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Anything wrong with using HDD for DCS and gaming


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DCS will perform better on an SSD.

 

V2.5 recommended requirements.

 

Recommended system requirements: OS 64-bit Windows 7/8/10; DirectX11; CPU: Core i5+ at 3+ GHz or AMD FX / Ryzen; RAM: 16 GB; Free hard disk space: 120 GB on Solid State Drive (SSD); Discrete video card DirectX11: NVIDIA GeForce GTX 1070 / AMD Radeon RX VEGA 56 with 8GB VRAM or better; Joystick; requires internet activation.

 

For other games, YMMV.

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Loading times is longer than with SSD. But otherwise nothing bad. With a today HDD you can get the good 50-80MB/s read speed, what is enough for most cases, but it is just longer time to load and can be annoying if you load a lot of different missions etc.

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What is said above I agree with. You can but your load times are longer. Beyond that you won't notice a thing. Those are some loooooooooong load times though.

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I switched to SSD not for the loading times (though their reduction was very appreciated), but to eliminate disk-read stutters, which were driving me nuts. Remember, that DCS always reads some assets from the storage device continously during flight, no matter how much RAM you have and how big preload radius you set in the options.

 

As an unexpected bonus, I completely got rid of .ogg-file-related stutters in Il-2 CloD as well.

 

So how "wrong" using HDD is for DCS really depends on one's subjective preferences about rendering smoothness.

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I would ONLY, and really ONLY, install DCS on HDD with a gun on my head !

 

Just don't do it if you can afford a SSD. If money is the issue, yes, install HDD but try to get a SSD asap. It really makes a BIG difference in smooth gameplay.

 

I would even get a NVMe if your board accepts one.

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I don't think HDD/SSD affects gaming at all, except loading. The effect on loading is significant.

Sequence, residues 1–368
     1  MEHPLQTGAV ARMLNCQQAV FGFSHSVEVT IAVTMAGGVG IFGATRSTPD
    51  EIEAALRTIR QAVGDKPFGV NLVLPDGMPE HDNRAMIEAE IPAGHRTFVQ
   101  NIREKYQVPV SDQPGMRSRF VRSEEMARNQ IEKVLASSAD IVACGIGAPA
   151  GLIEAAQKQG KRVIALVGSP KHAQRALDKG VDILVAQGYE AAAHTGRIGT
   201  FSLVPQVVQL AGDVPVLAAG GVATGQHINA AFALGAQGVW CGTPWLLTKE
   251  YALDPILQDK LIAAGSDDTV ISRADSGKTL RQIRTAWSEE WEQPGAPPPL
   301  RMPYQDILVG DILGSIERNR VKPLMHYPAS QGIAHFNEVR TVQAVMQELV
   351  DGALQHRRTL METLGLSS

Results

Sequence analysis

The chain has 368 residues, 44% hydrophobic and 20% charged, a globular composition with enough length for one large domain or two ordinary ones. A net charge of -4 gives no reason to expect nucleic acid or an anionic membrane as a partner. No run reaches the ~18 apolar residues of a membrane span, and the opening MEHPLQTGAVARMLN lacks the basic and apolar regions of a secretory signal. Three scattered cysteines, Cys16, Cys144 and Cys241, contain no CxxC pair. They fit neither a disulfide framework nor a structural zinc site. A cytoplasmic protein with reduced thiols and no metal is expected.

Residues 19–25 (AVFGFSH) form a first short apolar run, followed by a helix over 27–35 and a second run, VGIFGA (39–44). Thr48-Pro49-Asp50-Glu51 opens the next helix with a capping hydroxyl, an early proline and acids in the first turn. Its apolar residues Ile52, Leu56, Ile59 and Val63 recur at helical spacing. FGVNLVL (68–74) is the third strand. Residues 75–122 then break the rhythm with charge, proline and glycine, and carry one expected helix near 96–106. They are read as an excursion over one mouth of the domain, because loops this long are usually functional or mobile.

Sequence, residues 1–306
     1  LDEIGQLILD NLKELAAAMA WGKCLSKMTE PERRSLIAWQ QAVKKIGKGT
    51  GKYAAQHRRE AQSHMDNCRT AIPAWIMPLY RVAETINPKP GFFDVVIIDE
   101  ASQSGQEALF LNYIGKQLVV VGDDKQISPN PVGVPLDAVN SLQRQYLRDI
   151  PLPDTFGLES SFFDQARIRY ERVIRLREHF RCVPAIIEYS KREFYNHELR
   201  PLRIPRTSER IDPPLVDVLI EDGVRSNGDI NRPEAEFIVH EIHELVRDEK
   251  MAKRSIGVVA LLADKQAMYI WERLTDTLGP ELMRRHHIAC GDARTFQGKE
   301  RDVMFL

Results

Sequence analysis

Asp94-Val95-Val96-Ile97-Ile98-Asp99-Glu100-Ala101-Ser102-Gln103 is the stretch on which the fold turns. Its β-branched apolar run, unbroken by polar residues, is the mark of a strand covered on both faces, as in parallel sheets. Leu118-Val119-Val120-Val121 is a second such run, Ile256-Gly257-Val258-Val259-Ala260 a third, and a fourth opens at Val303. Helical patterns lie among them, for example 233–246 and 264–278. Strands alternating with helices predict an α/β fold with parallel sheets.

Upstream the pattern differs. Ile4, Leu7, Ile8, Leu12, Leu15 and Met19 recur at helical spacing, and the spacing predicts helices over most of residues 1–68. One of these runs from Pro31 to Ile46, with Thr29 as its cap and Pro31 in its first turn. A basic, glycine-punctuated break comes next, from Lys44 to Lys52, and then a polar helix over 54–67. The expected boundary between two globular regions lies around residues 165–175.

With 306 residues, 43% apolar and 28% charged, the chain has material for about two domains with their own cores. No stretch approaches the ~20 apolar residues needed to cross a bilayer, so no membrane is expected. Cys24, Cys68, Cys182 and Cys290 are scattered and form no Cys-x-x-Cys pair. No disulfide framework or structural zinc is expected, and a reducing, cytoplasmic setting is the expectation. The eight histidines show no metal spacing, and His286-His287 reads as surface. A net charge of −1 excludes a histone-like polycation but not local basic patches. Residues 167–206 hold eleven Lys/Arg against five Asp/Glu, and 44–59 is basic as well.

True, but some games (like DCS) do load a lot of stuff (like textures) during actual gameplay which can lead to micro stutters and even short freezes when the game can't load them quick enough.

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Loading times is longer than with SSD. But otherwise nothing bad. With a today HDD you can get the good 50-80MB/s read speed, what is enough for most cases, but it is just longer time to load and can be annoying if you load a lot of different missions etc.

 

Umm you mean 400 to 500 plus MB/sec from SSD right?

 

Sure spinning HDD will give 50 to 70MB/Sec and will take longer to fill ram but mostly if you have 16GB of RAM once loaded should be fine. :D

Control is an illusion which usually shatters at the least expected moment.

Gazelle Mini-gun version is endorphins with rotors. See above.

 

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Today's HDD's are well north of 60-80MB/sec, no problem getting 100-200MB/sec.

 

The stupid thing is, before my HDD has repositioned to read the data, my SSD has already done the job and is back to idle, the HDD's R/W head is still moving into position.... LoL

 

You cannot compare a 2CV vs. a 911, no matter how you turn it.

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with the dcs memory leak you are going to need the page file during play.

so a spinner will judder in normal game play. and it will get worse over time.

 

so future bug proof your rig and get a SSD.

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If you haven't already done so download the DCS Configuration Manager.

It takes the heartache out of disk and game maintenance.

https://www.digitalcombatsimulator.com/en/files/2998523/

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Today's HDD's are well north of 60-80MB/sec, no problem getting 100-200MB/sec.

 

The stupid thing is, before my HDD has repositioned to read the data, my SSD has already done the job and is back to idle, the HDD's R/W head is still moving into position.... LoL